Beginners Guide To Snowshoeing
Photo Courtesy of m.prinke on Flickr.com

How To Snowshoe – A Beginners Guide

Among popular methods of transportation, snowshoeing probably ranks near the lowest. Cars, trains, planes, skateboards, bicycles… even rollerblades may all qualify as more popular methods of travel. What makes snowshoeing so cool, then?

Of course, snowshoes are able to take us places no other travel can! Snowshoes even beat skis at ascending and navigating dense or steep areas in some situations.

There are still some things that are best left to a good old pair of snowshoes and those of us crazy enough to enjoy them during those beautiful winter snowstorms!

How To Start Snowshoeing

Why Snowshoeing?

This is a pretty fair question considering all the other fun ways we can choose to travel in the winter. Snowshoes are popular among those who love to hike during the summer months.

Using snowshoes can effectively expand your hiking season throughout the year in winter climates. As well, many people don’t feel comfortable skiing and snowshoes are familiar – just walk!

Other advantages include price and simplicity. Once you’ve bought snowshoes you don’t need expensive ski boots or resort passes. Just go enjoy your local hiking trails!

Snowshoes, as mentioned earlier, are also able to conquer territory and terrain that even cross-country skis can’t navigate such as thick undergrowth or dense forest.

What Gear Do I Need?

Snowshoe Gear

Photo Courtesy of Visit Lakeland on Flickr.com

Getting started snowshoeing is really quite simple. Fundamentally it’s nearly identical to hiking. You’ll need all your normal summer hiking supplies such as a day pack, water bottle, sun screen, and snacks. Of course, you’ll also need to pick out your favorite pair of snowshoes and poles.

On piece of gear that gets overlooked too often is footwear. Most snowshoes strap down over your shoes using rubber buckles. In order to get your snowshoes to grip well, these straps sometimes squish your shoes. This means cold toes in the winter!

Pay Attention to Your Footwear

Because your footwear has to support the snowshoe it’s important to wear some rigid footwear. Of course, it’s possible to gently strap the snowshoes in place but overall it helps to have a good pair snowshoeing boots.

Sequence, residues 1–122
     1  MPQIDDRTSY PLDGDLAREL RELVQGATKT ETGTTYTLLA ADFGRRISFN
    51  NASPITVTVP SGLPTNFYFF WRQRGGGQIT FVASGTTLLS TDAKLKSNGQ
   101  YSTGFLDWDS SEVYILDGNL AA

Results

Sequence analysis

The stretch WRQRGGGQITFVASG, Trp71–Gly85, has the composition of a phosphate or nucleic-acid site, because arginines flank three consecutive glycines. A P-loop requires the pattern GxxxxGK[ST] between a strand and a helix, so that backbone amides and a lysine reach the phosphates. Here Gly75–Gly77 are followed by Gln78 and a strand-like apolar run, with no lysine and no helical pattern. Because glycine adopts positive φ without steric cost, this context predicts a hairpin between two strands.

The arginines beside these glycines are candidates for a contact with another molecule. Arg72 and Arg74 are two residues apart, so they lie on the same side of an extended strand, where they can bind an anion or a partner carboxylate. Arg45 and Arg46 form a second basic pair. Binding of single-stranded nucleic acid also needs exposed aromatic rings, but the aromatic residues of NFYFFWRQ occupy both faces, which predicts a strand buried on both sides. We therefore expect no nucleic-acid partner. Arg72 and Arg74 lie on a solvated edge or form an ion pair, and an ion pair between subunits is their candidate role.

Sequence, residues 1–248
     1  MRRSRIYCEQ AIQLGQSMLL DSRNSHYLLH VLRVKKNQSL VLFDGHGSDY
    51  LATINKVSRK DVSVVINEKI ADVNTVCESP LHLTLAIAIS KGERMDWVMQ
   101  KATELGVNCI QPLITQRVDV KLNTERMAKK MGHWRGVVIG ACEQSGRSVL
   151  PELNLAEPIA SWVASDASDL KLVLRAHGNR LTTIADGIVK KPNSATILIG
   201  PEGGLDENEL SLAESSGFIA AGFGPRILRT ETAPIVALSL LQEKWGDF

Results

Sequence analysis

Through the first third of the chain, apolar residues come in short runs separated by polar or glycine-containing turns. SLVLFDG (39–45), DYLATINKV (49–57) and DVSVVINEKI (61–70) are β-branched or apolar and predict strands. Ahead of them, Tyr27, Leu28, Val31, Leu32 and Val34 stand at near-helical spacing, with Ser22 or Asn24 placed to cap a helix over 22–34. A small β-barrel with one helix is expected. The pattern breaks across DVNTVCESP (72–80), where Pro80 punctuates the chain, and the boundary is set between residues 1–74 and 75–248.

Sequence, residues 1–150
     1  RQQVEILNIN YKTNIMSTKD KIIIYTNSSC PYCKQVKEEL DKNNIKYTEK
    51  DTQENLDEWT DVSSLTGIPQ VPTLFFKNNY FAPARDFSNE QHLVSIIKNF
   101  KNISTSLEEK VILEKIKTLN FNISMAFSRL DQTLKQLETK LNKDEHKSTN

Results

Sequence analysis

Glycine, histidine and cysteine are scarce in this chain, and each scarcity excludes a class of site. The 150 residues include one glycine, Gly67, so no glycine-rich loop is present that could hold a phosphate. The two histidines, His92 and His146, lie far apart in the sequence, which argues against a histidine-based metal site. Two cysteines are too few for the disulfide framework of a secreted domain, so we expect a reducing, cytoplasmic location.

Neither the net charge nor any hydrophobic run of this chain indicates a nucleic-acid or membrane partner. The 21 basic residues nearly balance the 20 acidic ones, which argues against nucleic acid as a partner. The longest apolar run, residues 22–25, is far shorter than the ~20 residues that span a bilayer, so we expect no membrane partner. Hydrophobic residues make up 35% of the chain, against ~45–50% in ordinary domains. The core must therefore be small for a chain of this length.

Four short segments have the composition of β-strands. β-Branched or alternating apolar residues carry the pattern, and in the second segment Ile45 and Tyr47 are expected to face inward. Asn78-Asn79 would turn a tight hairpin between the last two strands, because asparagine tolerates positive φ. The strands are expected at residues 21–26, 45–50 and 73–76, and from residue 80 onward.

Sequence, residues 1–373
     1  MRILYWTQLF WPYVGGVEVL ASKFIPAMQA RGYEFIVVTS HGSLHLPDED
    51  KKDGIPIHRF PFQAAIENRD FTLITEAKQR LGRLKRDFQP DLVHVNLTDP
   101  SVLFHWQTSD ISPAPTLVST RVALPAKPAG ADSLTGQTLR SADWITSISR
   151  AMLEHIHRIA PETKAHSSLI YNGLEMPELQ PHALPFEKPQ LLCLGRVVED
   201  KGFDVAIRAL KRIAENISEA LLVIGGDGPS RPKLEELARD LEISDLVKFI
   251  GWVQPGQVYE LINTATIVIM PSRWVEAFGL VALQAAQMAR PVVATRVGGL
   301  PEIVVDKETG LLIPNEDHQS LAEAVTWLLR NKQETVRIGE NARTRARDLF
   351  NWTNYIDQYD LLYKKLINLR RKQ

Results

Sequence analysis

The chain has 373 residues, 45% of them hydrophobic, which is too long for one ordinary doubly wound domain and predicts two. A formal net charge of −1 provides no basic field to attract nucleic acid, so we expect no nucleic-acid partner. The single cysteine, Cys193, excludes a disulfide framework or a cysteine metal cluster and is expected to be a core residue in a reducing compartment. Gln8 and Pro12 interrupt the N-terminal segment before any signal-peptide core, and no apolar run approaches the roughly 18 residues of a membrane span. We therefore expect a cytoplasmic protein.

Look for boots and hiking shoes with roomy toe boxes to provide extra space to keep those toes warm! If you like to strap your snowshoes on particularly secure then consider a rigid winter boot with a little insulation. The last thing you want is cold feet after 30 minutes of hiking. It will ruin your trip!

If you’re running in your snowshoes or wearing low cut shoes or boots be sure to use a gaiter! These cover the top of your footwear and prevent snow from dumping into your shoes every time you step. Some would consider this a must-have piece of gear.

Snowshoeing Techniques

Snowshoeing Technique on Flats

Snowshoe Technique

Photo Courtesy of Peter Abrahamsen on Flickr.com

With snowshoes, there’s really nothing new to learn when hiking on flat terrain. Unless you’re covering icy or difficult terrain, you’ll walk just like normal! The learning curve is really quite forgiving.

To begin with, the primary difference you’ll notice is that the snowshoes force you to walk with a wider stance. If you’re not used to snowshoes, you may find that you have to consciously spread your feet further apart to walk without stepping on yourself. This is a quick adjustment for most people.

 

Snowshoeing Technique on Steeps

When the hills get steep and mountainous terrain comes into factor, you’ll need to switch it up. Snowshoes are built with crampons under foot. Those big metal spikes under your shoes when you put the snowshoe on are called crampons.

To use them, simply kick your foot into the snow as you climb a steep hill. This packs the snow down and digs the metal crampon spikes into the snow for traction. When it’s icy you’ll want to carefully use the metal crampons to dig into the ice with each step. Place your weight on them evenly and gently to help prevent breaking loose.

Some snowshoes have built in heel lifters. These are similar to what’s found on backcountry skis for aiding in climbing. When you encounter mild to steep terrain, flip up the heel lifters. They provide an elevated platform for you to step on which effectively reduces the angle of your legs against the hill and makes it easier to hike.

Snowshoeing Technique on Downhills

The way you should attack a downhill stretch depends largely on the design of your snowshoes. Before using them, make sure to inspect your crampons on the bottom of the snowshoe. Take note of where the metal spikes are and which way they’re angled.